Soot and smoke swirled in the engine room of the Langfitt, where young Ramon Abadin sweated in 120-degree heat as a "wiper" cleaning behind boilers.
Abadin was glad to snag this job working on the 351-foot dredge boat at the mouth of the Mississippi River for two summers after freshman and sophomore years at Tulane University in New Orleans.
The U.S. Army Corps of Engineers paid $15 an hour, big money for a kid working his way through college in the late '70s.
His Cuban-American parents in Miami couldn't afford to send him away to college, so Abadin cobbled together tuition and living expenses with financial aid, a little scholarship money, and his own resourcefulness.
Experiences gained working on the Langfitt: Bunking with good ol' Southern boys who told wild stories. Using a bathroom with no doors on the stalls. Knowing not to sit in someone else's chair at the table or a gruff bark would order him to move. Tasting Mississippi moonshine out of a Clorox bottle for the first time. Pushing himself to the limit.
Usually, the work schedule was 10 days on and four off. But it was a month-long gig when they moved the boat from New Orleans Southwest Pass around the Florida peninsula en route to North Carolina.
On a Sunday afternoon, Abadin squinted toward the sparkling coastline of Miami, where friends from Christopher Columbus High School no doubt were hanging out at South Beach having a good time.
Abadin went to the fantail and thought: "I'm jumping off this boat. Enough of this!"
A strong swimmer, he knew he could make it to shore. But he also knew he couldn't quit. It would embarrass his cousin who got him the job. It would be bad for the captain.
"And it would not be cool for me," Abadin said. "I needed the money. So we went to North Carolina."
Dr. Clifford Clark III, a high-school friend and college roommate who's now a plastic surgeon, didn't last half the summer working with Abadin at that "ridiculously unpleasant job" on the dredge boat chipping paint.
"I don't know that I've ever met a harder working guy," said Clark, whose own attorney father paid his way through medical school.
"We met on the football field when we were freshmen at Columbus. He was a middle linebacker and I was a defensive tackle. It was 100 degrees in the shade in August, and I leaned on his shoulder, and he said to me, 'I'm tired, too.'
"I remember those exact words when we met, and it was an amazing start to a lifelong friendship, and underscored all of the things I love about my friend Ray. He has an unbelievable work ethic. And you could tell that when he was 14 years old."
Now 56, Abadin is a partner at Sedgwick LLP, an international litigation and business law firm, working at the Miami office with his wife, Kimberly Cook, who is managing partner.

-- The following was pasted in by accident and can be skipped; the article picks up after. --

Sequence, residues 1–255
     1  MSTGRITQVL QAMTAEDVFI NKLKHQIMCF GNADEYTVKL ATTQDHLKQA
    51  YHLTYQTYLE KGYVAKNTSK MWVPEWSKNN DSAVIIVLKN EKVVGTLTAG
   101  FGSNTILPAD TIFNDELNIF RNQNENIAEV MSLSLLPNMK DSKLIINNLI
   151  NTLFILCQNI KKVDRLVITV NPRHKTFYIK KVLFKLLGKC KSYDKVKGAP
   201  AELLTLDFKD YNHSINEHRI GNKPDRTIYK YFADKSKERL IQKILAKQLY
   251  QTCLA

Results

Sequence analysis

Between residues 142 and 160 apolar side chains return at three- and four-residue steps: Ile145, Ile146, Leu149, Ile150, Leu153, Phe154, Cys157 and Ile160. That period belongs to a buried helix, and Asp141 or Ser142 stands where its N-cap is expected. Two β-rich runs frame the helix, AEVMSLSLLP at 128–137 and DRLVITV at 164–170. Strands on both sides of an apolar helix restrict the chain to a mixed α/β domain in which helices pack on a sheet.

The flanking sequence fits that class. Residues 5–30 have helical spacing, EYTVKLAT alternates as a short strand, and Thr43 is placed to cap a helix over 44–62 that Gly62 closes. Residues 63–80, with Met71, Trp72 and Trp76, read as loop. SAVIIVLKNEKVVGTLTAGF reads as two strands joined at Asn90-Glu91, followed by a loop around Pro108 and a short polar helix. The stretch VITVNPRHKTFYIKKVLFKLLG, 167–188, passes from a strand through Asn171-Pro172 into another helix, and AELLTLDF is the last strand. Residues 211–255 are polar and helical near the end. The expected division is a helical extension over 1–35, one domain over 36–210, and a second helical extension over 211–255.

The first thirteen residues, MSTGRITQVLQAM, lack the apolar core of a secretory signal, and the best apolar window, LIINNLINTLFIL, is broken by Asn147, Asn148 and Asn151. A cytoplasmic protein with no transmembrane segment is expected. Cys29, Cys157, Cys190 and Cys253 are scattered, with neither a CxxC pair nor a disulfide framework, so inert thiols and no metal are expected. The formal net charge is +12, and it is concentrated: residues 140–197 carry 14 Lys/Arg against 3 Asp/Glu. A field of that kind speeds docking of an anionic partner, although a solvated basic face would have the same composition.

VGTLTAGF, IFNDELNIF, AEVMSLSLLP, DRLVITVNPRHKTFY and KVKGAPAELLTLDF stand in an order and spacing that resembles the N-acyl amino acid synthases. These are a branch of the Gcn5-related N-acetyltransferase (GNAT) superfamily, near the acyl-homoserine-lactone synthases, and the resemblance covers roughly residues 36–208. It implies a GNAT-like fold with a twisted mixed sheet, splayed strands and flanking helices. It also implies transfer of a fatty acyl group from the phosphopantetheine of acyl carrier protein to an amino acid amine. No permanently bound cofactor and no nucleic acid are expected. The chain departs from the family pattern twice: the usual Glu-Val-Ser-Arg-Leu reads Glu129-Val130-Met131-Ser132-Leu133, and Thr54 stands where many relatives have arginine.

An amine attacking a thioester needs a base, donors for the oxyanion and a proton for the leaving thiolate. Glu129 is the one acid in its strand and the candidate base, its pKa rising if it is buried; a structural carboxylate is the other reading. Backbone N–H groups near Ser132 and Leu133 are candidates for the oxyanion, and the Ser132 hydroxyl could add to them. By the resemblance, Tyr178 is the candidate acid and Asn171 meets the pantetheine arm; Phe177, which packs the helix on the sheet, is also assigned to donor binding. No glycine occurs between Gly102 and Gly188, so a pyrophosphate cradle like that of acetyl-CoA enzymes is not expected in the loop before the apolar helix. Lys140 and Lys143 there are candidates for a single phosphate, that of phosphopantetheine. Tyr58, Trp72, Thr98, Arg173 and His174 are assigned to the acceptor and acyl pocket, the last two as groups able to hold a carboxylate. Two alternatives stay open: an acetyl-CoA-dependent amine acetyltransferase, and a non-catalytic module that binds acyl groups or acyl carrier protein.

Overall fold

Described by many as a free-thinking adventurer who revels in pushing people out of their comfort zones, Abadin is ready to roll up his sleeves and work hard as president of The Florida Bar.
He's risen in leadership at a time when technology and increased competition from nonlawyers are rapidly transforming the legal services marketplace. His year will be devoted to continuing the work of the Vision 2016 commission to identify challenges lawyers face in the areas of technology, legal education, bar admission, and access to legal services.
"Ray believes that sometimes you have to stir things up and create some chaos to initiate creativity and to really be able to dissect an issue, tear it apart in debate, and put it back together," said Greg Coleman, immediate past president of the Bar, who describes himself as "more cautious and contemplative" by comparison.
"Ray will bring a different perspective to the Bar that is, quite frankly, needed. Ray is doing a good job of waking up people to the fact that this profession is changing more rapidly than we can even see, and we need to at least educate people."
Asked why she thinks her husband wants to be the leader of Florida's 100,000 lawyers, Cook answered: "Ray is a history major and loves the evolution of things. The profession is changing so much and he's living through it. He's one of those guys who pushes the envelope, and he has a lot to say."
"I Am an Immigrant"
In 1961, when Abadin was two years old, his father left his law practice and his mother said goodbye to her beloved home in Cuba. They packed a suitcase and boarded a plane for the United States, thinking their escape from communism to this strange new country would be a short stop. But they could never go back to Cuba, leaving behind everything they had and everything they knew.
Abadin's father, Ramon Abadin, Jr., could never overcome the language barrier to practice law in the U.S. Instead, he did odd jobs, parked cars, mowed grass, worked as a ships chandler providing dry goods along the Mississippi River in New Orleans, stocked Italian olive oil in grocery stores, and managed apartments, among his many ways to support his family.